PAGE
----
We have all seen how co-production in services has gained great traction over recent years, especially in developing services for people facing multiple needs and social exclusion. Nowadays many services have a number of people with ‘lived experience’ involved in important decision-making and delivery of those services. This has proven to be a great success in moving towards genuinely democratic and inclusive services for all.
And yet in my role as a researcher on Inspiring Change Manchester I find that there is one area that can still remain remarkably over-looked – namely, co-production in research. Doesn’t this feel strange? After all, it is research that often underpins so many of our responses to social problems or issues that we are dealing with every day.
Typically, we know how research traditionally works – ‘Expert’ professional researchers (like me) come in to a service or community and examine an issue, ‘extracting’ information from people who are affected by it (usually by a series of interviews) and then ‘translate’ these findings and make recommendations for decision-makers to use – usually in the form of a written report and presentation. Decision-makers often like this approach because professional researchers are thought of as ‘objective’, knowledgeable and unbiased in the research process and therefore the research they provide is seen as having greater credibility. It gives us researchers great power in decision-making because we can decide what is important and what is relevant and, of course, how information is used.
Does this feel fair? Doesn’t it just create problems about whose voice is being represented in research and who has ownership of how the research is used? And perhaps, most importantly, who is considered the ‘expert’ here? To illustrate my point, think of this:
Who is the real expert here?
How many of us have been involved in research where we don’t know what the impact of the research was, how your experiences have been used or, worse still, not seen anything change as a result – Doesn’t feel great does it? And yet many of us can relate to this.
Taking this further, imagine what it is like for those experiencing social exclusion and disadvantage who face many personal and structural barriers to being involved in research. Their voices can all too often be excluded in the research process meaning that decisions made don’t always take into account their experiences.
Traditional research approaches don’t always help with this. Typically, professional researchers (like me), who don’t always represent the community involved in the research, like tightly managed, structured and technical research projects which doesn’t always encourage participation from those communities. It means we need to start thinking about alternative approaches to research if we genuinely want to democratise decision-making and reflect the views of all the communities we work with.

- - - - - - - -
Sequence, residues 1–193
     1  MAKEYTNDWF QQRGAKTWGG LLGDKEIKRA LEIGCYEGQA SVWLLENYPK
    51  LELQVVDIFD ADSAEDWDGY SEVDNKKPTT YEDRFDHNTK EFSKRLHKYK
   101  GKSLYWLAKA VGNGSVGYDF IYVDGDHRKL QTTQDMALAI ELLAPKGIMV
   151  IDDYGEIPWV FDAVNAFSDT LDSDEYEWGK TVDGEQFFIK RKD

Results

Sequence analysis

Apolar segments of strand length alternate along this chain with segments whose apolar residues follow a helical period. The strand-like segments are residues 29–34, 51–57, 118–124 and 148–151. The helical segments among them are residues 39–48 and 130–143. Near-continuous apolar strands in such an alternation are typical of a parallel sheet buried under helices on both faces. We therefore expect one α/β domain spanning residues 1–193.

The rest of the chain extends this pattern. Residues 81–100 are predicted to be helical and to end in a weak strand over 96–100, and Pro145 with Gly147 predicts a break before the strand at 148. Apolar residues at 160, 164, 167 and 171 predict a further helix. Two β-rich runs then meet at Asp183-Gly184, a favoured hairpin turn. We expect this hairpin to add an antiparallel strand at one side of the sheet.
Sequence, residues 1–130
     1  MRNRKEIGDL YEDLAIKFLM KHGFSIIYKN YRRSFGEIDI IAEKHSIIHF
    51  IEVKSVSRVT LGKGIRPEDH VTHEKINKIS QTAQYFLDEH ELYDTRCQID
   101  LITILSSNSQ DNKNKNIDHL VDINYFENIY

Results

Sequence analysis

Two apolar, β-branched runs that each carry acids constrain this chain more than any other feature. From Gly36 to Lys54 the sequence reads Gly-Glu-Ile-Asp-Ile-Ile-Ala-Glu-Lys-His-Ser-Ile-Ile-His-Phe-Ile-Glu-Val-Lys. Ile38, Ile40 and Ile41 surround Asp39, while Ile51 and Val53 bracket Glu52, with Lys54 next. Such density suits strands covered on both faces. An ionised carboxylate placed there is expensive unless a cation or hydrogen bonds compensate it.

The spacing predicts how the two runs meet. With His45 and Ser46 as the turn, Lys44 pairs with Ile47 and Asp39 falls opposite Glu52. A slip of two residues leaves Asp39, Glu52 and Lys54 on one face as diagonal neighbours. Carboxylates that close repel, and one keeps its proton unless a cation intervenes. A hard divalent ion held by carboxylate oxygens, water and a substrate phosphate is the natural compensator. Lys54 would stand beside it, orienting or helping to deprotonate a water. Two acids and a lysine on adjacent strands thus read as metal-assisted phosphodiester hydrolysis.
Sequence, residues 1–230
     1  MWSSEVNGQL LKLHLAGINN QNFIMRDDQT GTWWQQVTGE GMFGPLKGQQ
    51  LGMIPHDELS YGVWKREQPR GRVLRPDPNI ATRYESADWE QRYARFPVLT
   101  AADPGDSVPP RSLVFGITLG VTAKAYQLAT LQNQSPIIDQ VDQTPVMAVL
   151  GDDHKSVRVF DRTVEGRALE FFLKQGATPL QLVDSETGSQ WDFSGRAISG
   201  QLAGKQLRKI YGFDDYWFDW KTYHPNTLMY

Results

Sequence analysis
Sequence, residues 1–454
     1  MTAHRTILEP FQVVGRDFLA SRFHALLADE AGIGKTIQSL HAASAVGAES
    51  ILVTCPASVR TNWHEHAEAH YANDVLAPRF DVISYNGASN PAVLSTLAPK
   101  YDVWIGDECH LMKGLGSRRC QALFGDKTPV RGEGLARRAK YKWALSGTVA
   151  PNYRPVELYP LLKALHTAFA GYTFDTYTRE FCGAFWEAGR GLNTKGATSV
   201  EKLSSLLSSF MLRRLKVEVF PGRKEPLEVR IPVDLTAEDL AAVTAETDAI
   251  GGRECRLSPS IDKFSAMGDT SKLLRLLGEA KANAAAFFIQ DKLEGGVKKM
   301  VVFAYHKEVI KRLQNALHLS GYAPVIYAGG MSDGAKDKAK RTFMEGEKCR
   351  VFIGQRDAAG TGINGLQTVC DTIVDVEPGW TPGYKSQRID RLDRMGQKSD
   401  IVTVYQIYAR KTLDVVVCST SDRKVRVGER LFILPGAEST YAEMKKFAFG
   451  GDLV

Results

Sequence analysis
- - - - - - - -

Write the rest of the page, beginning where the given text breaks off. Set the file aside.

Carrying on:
Here in ICM we have been looking into participatory approaches to research which in many ways turn research projects on their head. The emphasis in participatory research is that the research project is led by peers within a community who decide on the focus of the research, the methods to be used to do the research, the messages that come from it and how these will be used. It is empowering to those communities because they have full ownership over the research – meaning they are no longer merely subjects of the research project. It recognises that communities are experts within their own lives and are best placed to relate to others and encourage participation within important research.
This, of course, challenges the traditional role of professional researchers and research institutions alike. No longer are we there to simply ‘extract’ information from communities and present these to influential decision-makers. Instead our roles become more empowering to others. We are there to encourage communities to be able to lead on their own research through, for example, building research skills and ideas, creating spaces for community members to come together to discuss issues and provide necessary resources and access to organisations so that research can be conducted and disseminated. It requires us researchers to change the way we think about research and to give up some of our ‘expert’ positions
There are many great examples of participatory research now being conducted, not only in the UK but across the world. Does it remain an unexplored frontier? Hardly, but it definitely remains an area that needs more exploring if we want to have genuinely co-produced research. Still, enough of my views about this – perhaps it’s time to hear from others about how co-produced research should be done – Watch this space.